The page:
When BHO maintains the Office of Faith Based Initiatives instituted by Bush, the claim that, divisively speaking, rightwingnuts *ahem* are exclusively responsible for the breakdown of the wall separating church and state is laughable.

    Glad I could amuse you. Tit for tat, I found the incoherence of your rejoinder amusing. Or would that be dismaying?

    Pity we seem so prone to assailing each other when it seems in principle we agree on so many of the larger issues. I’ll just take it as illustrative of the failure of the American left. The right, whatever one thinks of them, are tight-knit and adhere well to a solitary message, however ridiculous it seems to others. By comparison, the left is far too internally fractured to establish a truly unified front. Time and again I see arguments within the left boiling down to a) you don’t agree with me; b) you don’t agree with me sufficiently; c) you don’t agree with me in a manner sensitive to my needs; and/or d) you agree with me for all the wrong reasons.

    Funny thing about sweet beverages, btw. If you drink Kool-Aid before eating something tart, the perceived tartness is dramatically increased, often to a disagreeable level. It rather impairs one’s ability to enjoy tasty tart offerings.

  2. indeed, very divisive and completely lacking in a solution that would bridge the divide you created.

    As one who’s been an atheist since before I had facial hair, and, for almost half a century now, it’s similar to but not to be confused with, being a stranger in a strange land minus the Martian upbringing and training, but with much martyrdom falling short of death. MY maslovian need to belong was left largely unsatisfied, and I was made to feel like a leper. A gay black muslim would get elected in this country before an atheist like me and that has been enshrined in several state constitutions While things are getting slowly better, it’s no doubt still the reality of the matter.

    Now, what I don’t get is the indictment of the use of a label — god — that means different things to different people, ranging from the role it has in our world — interactive or not — to what is or is not permissable in terms of sins. The religion test – or more accurately, the belief in a god test that BHO/the dems sought to reiterate – doesn’t appear to be applicable to any of your quotes. It was merely a wise response to the political reality that by a huge majority, most in this country do, that without which, the rightwingnuts would have been more than happy to exploit with charges of godlessness, which their love for gays and abortions indicate. It is on issues such as those that we predominantly if not exclusively see the invocation of the big guy’s name being served up with American apple pie, and gee, which side of the ideological spectrum does that come from? I for example, don’t see BHO invoking JC’s dictates as to our responsibility for the poor in his speeches regarding tax fairness or issues impinging upon social justice, do you?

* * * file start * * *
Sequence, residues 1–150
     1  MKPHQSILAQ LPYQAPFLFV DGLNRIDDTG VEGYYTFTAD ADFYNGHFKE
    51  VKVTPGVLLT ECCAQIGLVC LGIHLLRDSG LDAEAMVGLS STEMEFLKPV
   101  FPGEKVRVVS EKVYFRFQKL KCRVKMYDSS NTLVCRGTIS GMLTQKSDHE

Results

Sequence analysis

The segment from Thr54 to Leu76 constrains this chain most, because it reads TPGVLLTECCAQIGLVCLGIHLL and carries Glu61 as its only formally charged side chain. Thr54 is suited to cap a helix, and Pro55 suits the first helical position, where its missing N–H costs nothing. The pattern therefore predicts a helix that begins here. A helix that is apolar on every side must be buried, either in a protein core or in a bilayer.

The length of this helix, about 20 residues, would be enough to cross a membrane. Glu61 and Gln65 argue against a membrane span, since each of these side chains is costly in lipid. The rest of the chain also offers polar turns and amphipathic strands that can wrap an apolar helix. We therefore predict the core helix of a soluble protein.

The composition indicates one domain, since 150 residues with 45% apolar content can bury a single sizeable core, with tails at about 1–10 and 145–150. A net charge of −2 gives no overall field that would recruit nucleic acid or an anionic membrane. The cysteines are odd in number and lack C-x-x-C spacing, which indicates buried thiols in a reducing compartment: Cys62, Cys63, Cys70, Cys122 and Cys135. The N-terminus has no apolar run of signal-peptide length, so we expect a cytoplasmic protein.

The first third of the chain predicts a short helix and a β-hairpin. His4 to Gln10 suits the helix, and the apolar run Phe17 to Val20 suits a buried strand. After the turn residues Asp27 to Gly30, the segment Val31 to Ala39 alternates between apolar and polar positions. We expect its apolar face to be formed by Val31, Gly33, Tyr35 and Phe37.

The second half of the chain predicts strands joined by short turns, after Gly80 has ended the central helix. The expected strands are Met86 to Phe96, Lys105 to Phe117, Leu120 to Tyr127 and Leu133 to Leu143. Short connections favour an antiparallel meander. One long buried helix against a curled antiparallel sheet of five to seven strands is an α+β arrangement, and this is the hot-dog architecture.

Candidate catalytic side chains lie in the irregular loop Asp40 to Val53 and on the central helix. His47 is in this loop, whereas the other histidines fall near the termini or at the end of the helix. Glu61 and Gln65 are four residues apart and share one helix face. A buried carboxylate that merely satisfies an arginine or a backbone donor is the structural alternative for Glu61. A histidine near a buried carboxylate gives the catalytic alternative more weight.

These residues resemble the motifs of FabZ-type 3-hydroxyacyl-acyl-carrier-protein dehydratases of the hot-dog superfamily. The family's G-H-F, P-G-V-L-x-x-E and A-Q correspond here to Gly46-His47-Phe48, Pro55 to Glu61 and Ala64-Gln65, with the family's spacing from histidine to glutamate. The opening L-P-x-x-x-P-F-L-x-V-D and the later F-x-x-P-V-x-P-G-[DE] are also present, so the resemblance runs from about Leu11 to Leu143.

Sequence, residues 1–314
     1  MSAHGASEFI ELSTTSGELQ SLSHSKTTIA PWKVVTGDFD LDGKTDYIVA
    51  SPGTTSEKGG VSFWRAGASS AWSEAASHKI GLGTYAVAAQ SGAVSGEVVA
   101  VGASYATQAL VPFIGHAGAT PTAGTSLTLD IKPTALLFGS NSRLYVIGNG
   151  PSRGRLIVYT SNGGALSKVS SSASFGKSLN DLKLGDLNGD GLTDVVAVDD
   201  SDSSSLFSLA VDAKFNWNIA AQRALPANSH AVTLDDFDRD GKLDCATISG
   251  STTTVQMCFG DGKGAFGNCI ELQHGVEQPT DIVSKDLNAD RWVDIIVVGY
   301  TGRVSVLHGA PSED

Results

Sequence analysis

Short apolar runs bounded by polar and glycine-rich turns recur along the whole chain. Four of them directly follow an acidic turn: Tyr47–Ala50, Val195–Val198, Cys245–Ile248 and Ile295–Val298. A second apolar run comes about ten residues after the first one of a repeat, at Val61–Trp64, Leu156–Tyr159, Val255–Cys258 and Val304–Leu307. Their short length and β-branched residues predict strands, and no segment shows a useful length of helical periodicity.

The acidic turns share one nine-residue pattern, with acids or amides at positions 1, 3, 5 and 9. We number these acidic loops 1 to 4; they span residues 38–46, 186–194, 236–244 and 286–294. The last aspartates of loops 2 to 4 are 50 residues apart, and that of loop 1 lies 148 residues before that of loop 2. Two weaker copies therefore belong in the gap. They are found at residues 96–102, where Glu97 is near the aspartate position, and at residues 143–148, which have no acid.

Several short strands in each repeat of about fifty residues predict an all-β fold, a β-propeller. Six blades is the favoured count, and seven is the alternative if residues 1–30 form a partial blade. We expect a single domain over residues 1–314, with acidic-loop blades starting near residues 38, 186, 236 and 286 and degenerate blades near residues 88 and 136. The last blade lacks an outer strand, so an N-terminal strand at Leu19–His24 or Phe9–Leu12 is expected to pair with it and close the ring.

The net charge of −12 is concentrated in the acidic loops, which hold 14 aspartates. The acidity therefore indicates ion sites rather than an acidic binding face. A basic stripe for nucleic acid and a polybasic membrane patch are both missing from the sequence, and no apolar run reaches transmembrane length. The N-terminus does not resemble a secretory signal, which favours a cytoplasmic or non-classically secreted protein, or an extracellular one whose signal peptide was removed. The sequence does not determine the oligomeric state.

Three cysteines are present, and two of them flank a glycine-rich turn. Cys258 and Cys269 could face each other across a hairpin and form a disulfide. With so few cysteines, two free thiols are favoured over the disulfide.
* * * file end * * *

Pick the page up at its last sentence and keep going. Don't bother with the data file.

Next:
As an atheist, I have less difficulty understanding and more approval of that action, than I did the Jerusalem thing.

    As Saint Raygun so accurately noted long ago, “morality and politics” are inseparable, and given that the morality most embraced in this country is rooted in Judeo-xtian ethics and was long before it was labeled thusly I see that “tiny minority” you wrote about failing quite miserably in their quest, and the individuals chosen meaning and living of such as being determinative in their voting choices, not their “religion”, because a vast majority of them belong to “xtianity”, and of course, even in whatever designation like “Catholic” for example you could look at, we see pro-choice/contraception, etc, and their adversaries as well.

    The largest religion in the US is Christianity, practiced by the majority of the population (76% in 2008[6]).